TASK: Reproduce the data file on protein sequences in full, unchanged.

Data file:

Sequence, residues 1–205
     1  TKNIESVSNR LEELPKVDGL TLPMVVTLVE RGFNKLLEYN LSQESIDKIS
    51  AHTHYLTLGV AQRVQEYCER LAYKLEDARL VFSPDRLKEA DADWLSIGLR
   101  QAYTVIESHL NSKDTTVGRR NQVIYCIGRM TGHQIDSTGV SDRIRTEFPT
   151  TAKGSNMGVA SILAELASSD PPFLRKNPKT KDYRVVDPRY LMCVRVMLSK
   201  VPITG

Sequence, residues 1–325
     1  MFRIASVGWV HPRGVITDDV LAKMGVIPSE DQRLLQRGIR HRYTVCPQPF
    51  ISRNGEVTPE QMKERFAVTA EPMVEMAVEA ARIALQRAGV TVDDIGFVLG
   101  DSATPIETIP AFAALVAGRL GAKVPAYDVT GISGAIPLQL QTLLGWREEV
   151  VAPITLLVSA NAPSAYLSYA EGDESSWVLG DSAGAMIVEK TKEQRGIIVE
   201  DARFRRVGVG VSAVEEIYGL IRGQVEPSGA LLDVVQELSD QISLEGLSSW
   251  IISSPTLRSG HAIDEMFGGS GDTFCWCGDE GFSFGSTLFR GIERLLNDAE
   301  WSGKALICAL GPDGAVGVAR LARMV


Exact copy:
Sequence, residues 1–205
     1  TKNIESVSNR LEELPKVDGL TLPMVVTLVE RGFNKLLEYN LSQESIDKIS
    51  AHTHYLTLGV AQRVQEYCER LAYKLEDARL VFSPDRLKEA DADWLSIGLR
   101  QAYTVIESHL NSKDTTVGRR NQVIYCIGRM TGHQIDSTGV SDRIRTEFPT
   151  TAKGSNMGVA SILAELASSD PPFLRKNPKT KDYRVVDPRY LMCVRVMLSK
   201  VPITG

Sequence, residues 1–325
     1  MFRIASVGWV HPRGVITDDV LAKMGVIPSE DQRLLQRGIR HRYTVCPQPF
    51  ISRNGEVTPE QMKERFAVTA EPMVEMAVEA ARIALQRAGV TVDDIGFVLG
   101  DSATPIETIP AFAALVAGRL GAKVPAYDVT GISGAIPLQL QTLLGWREEV
   151  VAPITLLVSA NAPSAYLSYA EGDESSWVLG DSAGAMIVEK TKEQRGIIVE
   201  DARFRRVGVG VSAVEEIYGL IRGQVEPSGA LLDVVQELSD QISLEGLSSW
   251  IISSPTLRSG HAIDEMFGGS GDTFCWCGDE GFSFGSTLFR GIERLLNDAE
   301  WSGKALICAL GPDGAVGVAR LARMV